PUTRAJAYA: Waiting is all the family members of Flight MH370 victims feel they can do as there are no confirmed plans to mount a new search for the airplane.
The next of kin of the passengers and crew who went missing on March 8 six years ago hope they will not have to wait long for search operations to be revived – even as Malaysia saw a change in government recently.
Jacquita Gonzales, whose husband Patrick Gomes was MH370’s inflight supervisor, said she hoped the work by the previous administration could be carried on by the new government.
“Hopefully, the previous administration will give the new government everything they have and explain to them what they have done so far and carry on, not starting from chapter one all over again.
“We have been hoping that the search will start again to find the plane, ” she said at the MH370 annual remembrance event yesterday.
On claims by former Australian prime minister Tony Abbott that Malaysia had viewed the incident as a murder-suicide, Gonzales questioned why he was only making the statement now.
“Why didn’t he make the statement when he was the prime minister with the authority to do something?” she said.
In 2014, MH370 was on its way from Kuala Lumpur to Beijing, with 239 people on board, when it disappeared from radar.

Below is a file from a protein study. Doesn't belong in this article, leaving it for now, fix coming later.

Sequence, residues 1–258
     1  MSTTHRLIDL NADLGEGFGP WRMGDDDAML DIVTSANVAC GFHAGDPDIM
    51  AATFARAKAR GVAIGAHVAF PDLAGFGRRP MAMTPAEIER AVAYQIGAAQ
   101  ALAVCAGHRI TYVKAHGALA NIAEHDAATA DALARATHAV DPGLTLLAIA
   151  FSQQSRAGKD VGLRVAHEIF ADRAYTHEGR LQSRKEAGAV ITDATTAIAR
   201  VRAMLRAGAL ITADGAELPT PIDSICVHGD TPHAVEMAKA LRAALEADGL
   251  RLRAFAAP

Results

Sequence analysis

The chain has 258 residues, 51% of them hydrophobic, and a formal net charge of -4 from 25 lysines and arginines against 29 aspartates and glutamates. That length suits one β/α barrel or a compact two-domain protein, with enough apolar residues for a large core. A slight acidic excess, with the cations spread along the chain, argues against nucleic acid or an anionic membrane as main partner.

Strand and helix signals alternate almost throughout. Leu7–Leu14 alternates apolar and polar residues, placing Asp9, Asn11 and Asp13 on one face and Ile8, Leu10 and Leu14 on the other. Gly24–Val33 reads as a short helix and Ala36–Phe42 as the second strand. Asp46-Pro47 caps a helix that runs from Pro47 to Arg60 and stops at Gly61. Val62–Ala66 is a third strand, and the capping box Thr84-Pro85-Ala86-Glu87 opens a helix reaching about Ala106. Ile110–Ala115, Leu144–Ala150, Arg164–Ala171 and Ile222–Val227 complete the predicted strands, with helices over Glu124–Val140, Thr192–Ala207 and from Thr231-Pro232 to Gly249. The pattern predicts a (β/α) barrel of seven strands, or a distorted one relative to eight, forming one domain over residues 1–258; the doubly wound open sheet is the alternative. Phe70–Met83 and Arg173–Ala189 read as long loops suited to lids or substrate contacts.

Investigators deduced that the aircraft had veered thousands of kilometres off-course before plunging into the Indian Ocean.
Grace Nathan, whose mother Anne Daisy was a passenger on the flight, urged the authorities to be open to any offer of a “no find, no fee” search by companies like Ocean Infinity.
“We hope the new government will be serious about continuing the search for MH370. We believe there is no reason for the Malaysian government to turn down a ‘no find, no fee’ offer because we have nothing to lose.
“The search for MH370 will not just benefit the Malaysian government or the people of Malaysia but it stands to benefit the entire flight industry and flying public, ” said Grace, one of the leaders of the Voice 370 support group.
An earlier search led by Australia in the Indian Ocean had failed to locate the missing plane, causing it to be ended in January 2017.
US exploration firm Ocean Infinity resumed the search in 2018 on a “no find, no fee” basis but was also unsuccessful.
Intan Maizura Othaman said she would tell stories about her husband, crew member Mohd Hazrin Hasnan, to her two young children, one of whom she was still pregnant with when he boarded the flight.
“It has been a roller-coaster ride for them because they are just children and they are clueless as to what happened. I would tell them about their father’s job, what he did. And with videos and pictures – that helps me feed them information about their father, ” she said.
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